by Matt Taibbi at Racket News
Last week, when President Biden addressed the media ahead of a crucial vote on Ukraine spending, there were a few notes he considered important enough to hit twice, including this one:
Extreme Republicans are playing chicken with our national security, holding Ukraine’s funding hostage to their extreme partisan border policies.
If the phrase felt a little light, it’s probably because you’re used to hearing Biden use another term, “Extreme MAGA,” which he did, for a long time, until the White House was warned by the Office of Special Counsel that invocations of “MAGA” may constitute Hatch Act violations. Presidents are ostensibly barred from using their title for electioneering purposes, so “extreme MAGA Republicans” become merely extreme in official appearances.
As Racket’s inimitable Matt Orfalea documents, however, the restraints come all the way off in campaign fundraisers. It seems in every appearance now Biden offers some combination of “extreme,” “MAGA,” “Republican,” and “determined to destroy democracy,” with the occasional “that sounds like hyperbole, but” as a setup line. And Biden, as relentless a catchphrase-deliverer as recent American politics has seen, goes there every time.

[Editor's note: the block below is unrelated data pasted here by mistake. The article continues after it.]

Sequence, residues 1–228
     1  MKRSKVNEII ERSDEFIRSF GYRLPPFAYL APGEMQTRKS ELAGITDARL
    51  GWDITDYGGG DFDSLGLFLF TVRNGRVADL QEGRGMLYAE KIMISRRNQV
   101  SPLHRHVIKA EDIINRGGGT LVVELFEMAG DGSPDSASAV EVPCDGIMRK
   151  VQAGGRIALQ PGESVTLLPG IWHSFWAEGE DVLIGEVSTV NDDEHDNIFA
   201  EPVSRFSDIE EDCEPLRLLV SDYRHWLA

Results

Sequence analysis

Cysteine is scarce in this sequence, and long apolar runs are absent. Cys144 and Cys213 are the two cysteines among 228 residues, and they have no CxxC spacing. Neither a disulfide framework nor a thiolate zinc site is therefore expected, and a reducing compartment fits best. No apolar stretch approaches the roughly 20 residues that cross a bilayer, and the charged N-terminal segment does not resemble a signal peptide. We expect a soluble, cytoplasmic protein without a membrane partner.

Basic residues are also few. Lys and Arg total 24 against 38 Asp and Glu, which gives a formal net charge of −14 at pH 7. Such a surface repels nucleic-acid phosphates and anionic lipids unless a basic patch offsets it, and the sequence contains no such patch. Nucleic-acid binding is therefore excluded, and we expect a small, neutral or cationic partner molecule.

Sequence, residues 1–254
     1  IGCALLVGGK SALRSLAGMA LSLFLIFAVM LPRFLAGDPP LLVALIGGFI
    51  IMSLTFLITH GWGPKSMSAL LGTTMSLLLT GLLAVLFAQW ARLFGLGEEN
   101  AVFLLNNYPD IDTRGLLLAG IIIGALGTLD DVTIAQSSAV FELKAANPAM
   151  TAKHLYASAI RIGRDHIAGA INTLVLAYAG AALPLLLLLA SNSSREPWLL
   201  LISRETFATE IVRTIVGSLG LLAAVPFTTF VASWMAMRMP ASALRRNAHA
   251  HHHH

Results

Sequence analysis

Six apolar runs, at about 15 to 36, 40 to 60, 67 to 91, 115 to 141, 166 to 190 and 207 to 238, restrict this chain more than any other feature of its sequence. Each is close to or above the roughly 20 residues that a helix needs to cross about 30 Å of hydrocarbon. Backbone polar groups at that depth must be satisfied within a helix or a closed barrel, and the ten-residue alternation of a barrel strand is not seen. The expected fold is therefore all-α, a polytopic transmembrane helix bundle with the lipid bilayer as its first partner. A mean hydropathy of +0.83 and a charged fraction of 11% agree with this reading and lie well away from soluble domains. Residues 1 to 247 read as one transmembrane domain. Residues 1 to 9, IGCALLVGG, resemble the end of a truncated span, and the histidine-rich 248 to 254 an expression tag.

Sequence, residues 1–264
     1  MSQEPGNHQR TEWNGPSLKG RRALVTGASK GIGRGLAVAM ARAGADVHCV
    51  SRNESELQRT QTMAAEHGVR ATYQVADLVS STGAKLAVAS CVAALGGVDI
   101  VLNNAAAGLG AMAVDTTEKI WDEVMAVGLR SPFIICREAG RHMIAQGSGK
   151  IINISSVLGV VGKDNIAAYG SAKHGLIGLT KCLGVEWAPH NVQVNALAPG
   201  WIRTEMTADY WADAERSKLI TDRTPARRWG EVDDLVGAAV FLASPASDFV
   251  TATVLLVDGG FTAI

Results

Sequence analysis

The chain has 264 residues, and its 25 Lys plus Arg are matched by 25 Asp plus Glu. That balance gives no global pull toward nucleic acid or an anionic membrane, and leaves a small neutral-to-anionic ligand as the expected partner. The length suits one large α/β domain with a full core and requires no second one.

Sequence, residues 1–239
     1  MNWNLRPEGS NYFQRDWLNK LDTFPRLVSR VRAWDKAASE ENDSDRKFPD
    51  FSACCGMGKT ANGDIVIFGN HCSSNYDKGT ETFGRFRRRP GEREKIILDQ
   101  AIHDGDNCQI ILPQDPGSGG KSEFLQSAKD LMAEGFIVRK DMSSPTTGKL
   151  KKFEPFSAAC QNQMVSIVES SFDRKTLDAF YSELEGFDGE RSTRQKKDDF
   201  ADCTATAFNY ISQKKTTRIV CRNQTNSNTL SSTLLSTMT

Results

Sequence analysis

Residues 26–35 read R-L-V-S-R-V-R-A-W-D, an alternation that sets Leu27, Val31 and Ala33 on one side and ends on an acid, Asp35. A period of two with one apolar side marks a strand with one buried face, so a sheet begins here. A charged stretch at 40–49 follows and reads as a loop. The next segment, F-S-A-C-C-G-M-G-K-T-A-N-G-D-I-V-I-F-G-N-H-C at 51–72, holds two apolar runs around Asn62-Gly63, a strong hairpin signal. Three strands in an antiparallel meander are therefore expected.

All presidential candidates repeat words, of course. Campaign strategists long ago realized political audiences don’t require coherent sentences, and respond to hearing words they like said over and over. “Responsibility” worked for Republicans, for instance, while “compassion” or “innovation” were typical Democratic choices. For Donald Trump, “radical left” is one of this year’s crutches. Still, Trump seems headed in a more unscripted direction, recently for instance bringing Pat Buchanan back to life and calling Steve Bannon “the greatest bullshit artist I’ve ever heard,” while his opponent has become more repetition-dependent…Continue Reading